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Recent Examples on the Web: Noun In a legal world of high intellects, Starmer’s first-rate brain stood out, but so too did his commitment to the protesters and activists fighting the powerful during Margaret Thatcher’s decade of Tory rule. Olivia Konotey-ahulu, Bloomberg.com, "U.K. Labour Picks ‘Safe’ Keir Starmer as a Life-Raft in a Storm," 10 May 2020 Psychologists prefer to make sense of it through the brain. Arielle Pardes, Wired, "There Are No Hours or Days in Coronatime," 8 May 2020 One of his two sons was stricken with a brain tumor and died in 2015. Chris Megerian, Los Angeles Times, "Trump rarely shows empathy in coronavirus crisis," 4 May 2020 One case in Washington state gained national attention last summer, when two women caught on a doorbell camera stealing packages returned them after learning one contained a gift meant for an autistic boy with a brain tumor. Jessica Flores, USA TODAY, "Women dressed as nurses amid coronavirus pandemic are stealing packages off porches in Washington state, police say," 3 May 2020 Lloyd's agent did not provide details on the cause, but the actor was diagnosed with a brain tumor and cancer last year that had spread to his lungs and spine. Tim O'donnell, TheWeek, "10 things you need to know today: May 2, 2020," 2 May 2020 In January 2019, Lloyd was diagnosed with an inoperable brain tumor and cancer, which eventually spread to his lungs, jaw, liver and spine. NBC News, "'Scrubs' actor Sam Lloyd dies at 56," 2 May 2020 The Vermont native had been diagnosed with an inoperable brain tumor last year, which was revealed in a GoFundMe campaign launched by Scrubs producer Tom Hobert and his wife, Jill. Sharareh Drury, The Hollywood Reporter, "'Scrubs' Actor Sam Lloyd Dies at 56," 2 May 2020 In January 2019, Lloyd was diagnosed with cancer, after doctors discovered an inoperable brain tumor that had metastasized from his lungs. Maureen Lee Lenker, EW.com, "Scrubs and Cougar Town actor Sam Lloyd dies at 56," 1 May 2020 Recent Examples on the Web: Verb The people who can make an outsized difference bring a combination of what is conventionally known as left-brained and right-brained thinking. Quartz India, "Kunal Shah on the jobs that will define India’s future," 11 Feb. 2020 This has meant keeping the games going even as the league faced everything from domestic abuse cases to brain injuries. Jason Parham, WIRED, "Depth of Field: Where Is Jay-Z Taking the NFL?," 15 Aug. 2019 The yawning space between is echoed by an endless lateral runway that makes every entrance and exit seem like a trek and requires the actors to duck their heads to avoid getting brained on the way out. David Rooney, The Hollywood Reporter, "'The Rose Tattoo': Theater Review," 16 Oct. 2019 Yet focusing on chicken shops is not completely bird-brained. The Economist, "A British anti-knife drive comes home to roost," 22 Aug. 2019 In many cases, this appears tied to brain abnormalities…. There are different terms and models for assessing such a person. James Fallows, The Atlantic, "On Trump and Queeg: A Followup," 25 Aug. 2019 Long before blows land, the audience is taking inventory of the props, assessing which could be used by one brother to brain or strangle the other. Graeme Wood, The Atlantic, "Sam Shepard Saw It All Coming," 11 July 2019 These structures also raise an ethical question that used to be strictly in the realm of science fiction — can brain organoids become sufficiently advanced to develop consciousness? San Diego Union-Tribune, "Biotech notebook: Cancer discovery, bacterial syringes and organoids," 13 July 2019 By the 1980s, scientists had figured out that our early ancient relatives were short and small-brained up to about two million years ago. Quanta Magazine, "Scientists Seek to Update Evolution," 22 Nov. 2016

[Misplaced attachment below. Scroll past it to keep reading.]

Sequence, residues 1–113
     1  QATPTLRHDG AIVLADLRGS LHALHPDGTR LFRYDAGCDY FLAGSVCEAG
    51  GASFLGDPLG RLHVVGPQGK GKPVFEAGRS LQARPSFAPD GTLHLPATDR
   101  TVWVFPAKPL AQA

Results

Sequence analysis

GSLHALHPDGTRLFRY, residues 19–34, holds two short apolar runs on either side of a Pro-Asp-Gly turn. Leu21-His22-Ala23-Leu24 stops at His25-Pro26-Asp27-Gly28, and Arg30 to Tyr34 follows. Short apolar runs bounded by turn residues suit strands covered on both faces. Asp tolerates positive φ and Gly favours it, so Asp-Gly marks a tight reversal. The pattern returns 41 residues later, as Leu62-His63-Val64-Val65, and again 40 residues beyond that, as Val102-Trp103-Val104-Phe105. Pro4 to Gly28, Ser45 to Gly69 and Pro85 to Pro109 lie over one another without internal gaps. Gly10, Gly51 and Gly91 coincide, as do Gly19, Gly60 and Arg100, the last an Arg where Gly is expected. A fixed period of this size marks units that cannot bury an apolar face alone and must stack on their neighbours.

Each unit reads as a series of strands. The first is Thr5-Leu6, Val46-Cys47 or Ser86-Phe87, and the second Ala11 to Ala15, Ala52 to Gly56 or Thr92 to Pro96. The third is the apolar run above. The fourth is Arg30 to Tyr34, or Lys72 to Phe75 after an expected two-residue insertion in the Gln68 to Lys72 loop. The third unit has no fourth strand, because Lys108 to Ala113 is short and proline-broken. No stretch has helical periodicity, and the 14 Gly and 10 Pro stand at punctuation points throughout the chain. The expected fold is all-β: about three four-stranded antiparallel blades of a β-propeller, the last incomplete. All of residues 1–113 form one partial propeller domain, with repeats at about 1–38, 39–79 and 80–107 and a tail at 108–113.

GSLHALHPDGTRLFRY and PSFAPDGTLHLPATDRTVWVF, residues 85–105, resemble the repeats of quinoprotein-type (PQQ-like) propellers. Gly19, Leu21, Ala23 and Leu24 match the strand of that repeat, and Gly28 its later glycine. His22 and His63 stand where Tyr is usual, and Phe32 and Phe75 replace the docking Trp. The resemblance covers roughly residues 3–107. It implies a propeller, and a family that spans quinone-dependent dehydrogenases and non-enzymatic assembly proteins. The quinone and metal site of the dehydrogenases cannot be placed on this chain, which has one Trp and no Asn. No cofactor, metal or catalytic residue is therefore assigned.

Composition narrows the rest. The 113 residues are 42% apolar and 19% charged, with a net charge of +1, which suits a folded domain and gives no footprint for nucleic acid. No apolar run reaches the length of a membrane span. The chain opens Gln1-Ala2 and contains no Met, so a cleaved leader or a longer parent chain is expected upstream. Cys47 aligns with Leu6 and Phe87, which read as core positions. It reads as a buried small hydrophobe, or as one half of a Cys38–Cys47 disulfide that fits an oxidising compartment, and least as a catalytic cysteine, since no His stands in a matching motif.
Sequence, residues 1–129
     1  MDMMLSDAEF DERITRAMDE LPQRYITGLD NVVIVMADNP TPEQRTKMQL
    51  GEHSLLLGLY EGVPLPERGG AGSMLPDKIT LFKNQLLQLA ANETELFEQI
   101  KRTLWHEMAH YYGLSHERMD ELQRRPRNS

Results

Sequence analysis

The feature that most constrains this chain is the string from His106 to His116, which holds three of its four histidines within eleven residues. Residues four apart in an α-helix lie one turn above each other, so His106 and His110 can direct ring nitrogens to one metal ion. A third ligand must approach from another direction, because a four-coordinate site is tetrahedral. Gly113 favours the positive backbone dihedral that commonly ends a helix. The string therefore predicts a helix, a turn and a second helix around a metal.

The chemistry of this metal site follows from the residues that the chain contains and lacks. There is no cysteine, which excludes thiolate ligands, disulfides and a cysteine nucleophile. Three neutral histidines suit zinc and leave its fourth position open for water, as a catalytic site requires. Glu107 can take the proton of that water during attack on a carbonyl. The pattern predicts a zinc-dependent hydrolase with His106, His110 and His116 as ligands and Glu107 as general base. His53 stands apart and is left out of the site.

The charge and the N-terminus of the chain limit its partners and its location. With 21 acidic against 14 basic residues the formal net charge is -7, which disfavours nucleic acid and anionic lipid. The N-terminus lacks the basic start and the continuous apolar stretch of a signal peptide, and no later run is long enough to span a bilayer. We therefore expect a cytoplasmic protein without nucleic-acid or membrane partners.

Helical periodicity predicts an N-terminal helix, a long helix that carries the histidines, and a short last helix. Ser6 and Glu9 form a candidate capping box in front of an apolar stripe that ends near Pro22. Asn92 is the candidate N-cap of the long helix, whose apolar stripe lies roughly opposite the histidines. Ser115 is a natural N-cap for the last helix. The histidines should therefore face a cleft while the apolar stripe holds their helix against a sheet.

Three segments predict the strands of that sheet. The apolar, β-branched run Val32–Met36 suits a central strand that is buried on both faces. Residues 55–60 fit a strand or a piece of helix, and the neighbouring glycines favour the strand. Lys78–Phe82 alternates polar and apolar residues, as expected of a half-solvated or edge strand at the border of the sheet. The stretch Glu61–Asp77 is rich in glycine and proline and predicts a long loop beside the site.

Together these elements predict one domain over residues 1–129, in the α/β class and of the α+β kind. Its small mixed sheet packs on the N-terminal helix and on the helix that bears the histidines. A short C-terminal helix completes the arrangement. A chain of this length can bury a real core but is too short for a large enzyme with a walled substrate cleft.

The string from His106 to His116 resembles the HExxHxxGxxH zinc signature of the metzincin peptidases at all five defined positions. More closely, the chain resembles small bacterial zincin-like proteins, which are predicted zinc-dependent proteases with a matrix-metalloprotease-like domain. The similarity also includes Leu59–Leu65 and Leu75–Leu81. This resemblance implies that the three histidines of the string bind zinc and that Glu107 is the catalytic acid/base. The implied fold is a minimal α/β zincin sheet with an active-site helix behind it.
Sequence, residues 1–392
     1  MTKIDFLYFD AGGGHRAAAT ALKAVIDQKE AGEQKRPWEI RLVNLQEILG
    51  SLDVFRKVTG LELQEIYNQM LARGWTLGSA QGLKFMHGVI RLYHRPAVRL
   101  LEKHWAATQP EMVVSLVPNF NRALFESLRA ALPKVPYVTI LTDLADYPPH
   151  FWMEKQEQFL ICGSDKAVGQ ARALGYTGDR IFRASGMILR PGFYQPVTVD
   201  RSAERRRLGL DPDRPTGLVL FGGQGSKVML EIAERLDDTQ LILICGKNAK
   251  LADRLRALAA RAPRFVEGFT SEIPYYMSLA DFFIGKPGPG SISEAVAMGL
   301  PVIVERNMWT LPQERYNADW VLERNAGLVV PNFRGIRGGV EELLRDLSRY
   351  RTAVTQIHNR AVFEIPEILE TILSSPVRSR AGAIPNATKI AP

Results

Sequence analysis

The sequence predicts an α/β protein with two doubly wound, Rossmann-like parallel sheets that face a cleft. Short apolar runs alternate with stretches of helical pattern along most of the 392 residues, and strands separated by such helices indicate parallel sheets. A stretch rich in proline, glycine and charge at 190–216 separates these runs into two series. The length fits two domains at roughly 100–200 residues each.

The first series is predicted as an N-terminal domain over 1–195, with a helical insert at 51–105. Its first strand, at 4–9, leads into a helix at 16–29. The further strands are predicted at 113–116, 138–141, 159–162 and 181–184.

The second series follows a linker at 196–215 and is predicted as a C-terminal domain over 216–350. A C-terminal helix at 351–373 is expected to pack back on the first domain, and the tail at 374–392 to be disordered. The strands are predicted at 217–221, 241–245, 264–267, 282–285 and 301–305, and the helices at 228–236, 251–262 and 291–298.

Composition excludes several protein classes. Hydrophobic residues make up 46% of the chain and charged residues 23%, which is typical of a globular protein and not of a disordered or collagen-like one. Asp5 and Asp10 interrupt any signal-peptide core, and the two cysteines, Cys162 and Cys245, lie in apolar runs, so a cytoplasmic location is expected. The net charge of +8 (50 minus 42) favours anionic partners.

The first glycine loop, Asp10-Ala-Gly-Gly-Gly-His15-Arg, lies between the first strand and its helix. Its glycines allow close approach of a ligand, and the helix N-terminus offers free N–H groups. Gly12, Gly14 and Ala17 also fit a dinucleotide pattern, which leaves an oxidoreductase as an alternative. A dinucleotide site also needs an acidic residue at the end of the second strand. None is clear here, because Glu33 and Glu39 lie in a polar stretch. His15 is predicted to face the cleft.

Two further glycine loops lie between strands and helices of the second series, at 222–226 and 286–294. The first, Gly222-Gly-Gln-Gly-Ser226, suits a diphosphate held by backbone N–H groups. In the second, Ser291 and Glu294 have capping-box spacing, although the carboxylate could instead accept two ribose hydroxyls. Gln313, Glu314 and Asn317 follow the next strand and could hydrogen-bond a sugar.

These example sentences are selected automatically from various online news sources to reflect current usage of the word 'brain.' Views expressed in the examples do not represent the opinion of Merriam-Webster or its editors. Send us feedback.